Setting Down Roots On The Upper West Side
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Setting Down Roots On The Upper West Side

Rabbi Georgette Kennebrae, the newly installed spiritual leader of West End (Reconstructionist) Synagogue, says that Judaism’s meaning “looks different for different people and different communities.”
Shira Hanau/JW
Rabbi Georgette Kennebrae, the newly installed spiritual leader of West End (Reconstructionist) Synagogue, says that Judaism’s meaning “looks different for different people and different communities.” Shira Hanau/JW

When a congregant asked Georgette Kennebrae, the newly installed spiritual leader of West End (Reconstructionist) Synagogue on the Upper West Side, whether she would ever run out of the stories she often tells from the pulpit, she responded with something like a prayer.

“May we never run out of stories as long as we are living on this earth,” she said with her characteristic calm.

Stories are important to Rabbi Kennebrae, who, as many rabbis do, uses them to connect to her congregants and make her sermons relatable. Having chosen to convert to Judaism and to become a rabbi as an adult, Rabbi Kennebrae, 41, already has a lifetime of stories to draw from, in addition to the stories from Mussar (ethical teachings) that she loves to study.

That connection seems to come easier to the rabbi than it might to others. Having grown up in a military family, with a childhood spent moving from place to place every two to three years and becoming acquainted with new languages and cultures, Rabbi Kennebrae relishes the opportunity to create new relationships and stories.

“You get really good at making connections and showing up and really being able to identify opportunities and places of connection.”

“You get really good at making connections and showing up and really being able to identify opportunities and places of connection,” she said of her unusual childhood.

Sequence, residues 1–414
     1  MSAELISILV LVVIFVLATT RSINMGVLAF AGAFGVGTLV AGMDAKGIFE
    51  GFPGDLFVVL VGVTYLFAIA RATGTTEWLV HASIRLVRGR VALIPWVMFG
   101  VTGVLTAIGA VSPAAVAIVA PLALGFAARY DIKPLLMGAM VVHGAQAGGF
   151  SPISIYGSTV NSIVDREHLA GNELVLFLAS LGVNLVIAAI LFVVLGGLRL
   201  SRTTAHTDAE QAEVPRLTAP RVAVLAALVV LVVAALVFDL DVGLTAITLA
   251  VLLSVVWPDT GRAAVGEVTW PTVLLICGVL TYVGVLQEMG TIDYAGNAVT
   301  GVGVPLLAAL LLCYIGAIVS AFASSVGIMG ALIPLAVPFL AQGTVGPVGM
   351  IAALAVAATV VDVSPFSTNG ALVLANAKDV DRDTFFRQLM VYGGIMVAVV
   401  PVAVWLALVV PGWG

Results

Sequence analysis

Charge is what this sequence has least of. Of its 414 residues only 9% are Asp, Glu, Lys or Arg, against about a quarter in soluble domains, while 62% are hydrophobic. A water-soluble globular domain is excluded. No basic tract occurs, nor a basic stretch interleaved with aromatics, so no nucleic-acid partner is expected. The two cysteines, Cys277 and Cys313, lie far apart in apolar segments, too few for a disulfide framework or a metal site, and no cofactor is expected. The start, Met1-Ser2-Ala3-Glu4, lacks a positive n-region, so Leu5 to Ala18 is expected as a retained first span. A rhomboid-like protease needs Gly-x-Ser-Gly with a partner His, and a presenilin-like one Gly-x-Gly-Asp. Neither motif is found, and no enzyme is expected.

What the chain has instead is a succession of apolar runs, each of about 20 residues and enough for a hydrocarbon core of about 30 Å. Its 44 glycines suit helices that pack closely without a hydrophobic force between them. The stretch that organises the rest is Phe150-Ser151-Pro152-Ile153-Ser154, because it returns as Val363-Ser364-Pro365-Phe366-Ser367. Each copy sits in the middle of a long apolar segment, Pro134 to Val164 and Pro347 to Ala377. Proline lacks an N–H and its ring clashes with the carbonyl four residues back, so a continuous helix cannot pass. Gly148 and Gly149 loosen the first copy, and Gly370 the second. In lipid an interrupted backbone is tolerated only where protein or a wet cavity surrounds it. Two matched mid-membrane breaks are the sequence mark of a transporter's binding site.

As the spiritual leader of a Reconstructionist synagogue — and a significant one in Manhattan — Rabbi Kennebrae is stepping to the pulpit at a time of change for the movement, the smallest and most recently organized American Jewish denomination.

The Reconstructionist movement has been reinventing itself in recent years. Earlier this year, the rabbinical school and congregational union, formerly known as the Reconstructionist Rabbinical College and Jewish Reconstructionist Communities, announced that it would be renamed Reconstructing Judaism. In 2015, the movement’s rabbinical school announced it would accept students who were in committed relationships with non-Jewish partners in a debate that bitterly divided the movement. The movement’s controversies pose an added challenge to rabbis trying to maintain a commitment to tradition while remaining relevant in an increasingly progressive community.

“Where do we innovate and how do we innovate in a way that retains traditional grounding and will resonate with people,” said Rabbi Kennebrae. “Part of our job is making sure Judaism remains meaningful and that meaning looks different for different people and different communities. That’s what makes Judaism beautiful.”

Rabbi Kennebrae was first drawn to the rabbinate by her interest in chaplaincy and pastoral work, thinking she would become a military chaplain. But throughout her internships at the Reconstructionist Synagogue of North Shore on Long Island, the Bristol Jewish Center in Pennsylvania, and Congregation Beit Simchat Torah in Manhattan, she found herself becoming more interested in congregational work.

“It’s much more difficult to grow old with people in the military because you move every two to three years,” said Rabbi Kennebrae. “That longevity and that connection and those deep roots are really important to me.”

“That longevity and that connection and those deep roots are really important to me.”

Pastoral work is central to her identity as a rabbi. “In order for people to be able to show up as their full selves, they want and need and crave the ability to have someone support them and see them for who they are and where they’ve come from and where they want to go,” she said. “That chaplaincy piece is part of everything that I do.”

For Rabbi Kennebrae, as well, showing up as her full self is important. “The egalitarian space was always important to me. As a lesbian, a woman, an African American … in all of these ways, it’s really important to me to have full inclusion and to understand that that’s part of my role as a rabbi.”

“I think her pastoral skills are really quite amazing,” said Sharon Cinnamon, president of West End Synagogue. Rabbi Deborah Waxman, president of Reconstructing Judaism and Rabbi Kennebrae’s teacher and mentor, added: “I think she values deeply and understands how to build an intentional caring community in a city as diverse as New York.”

 

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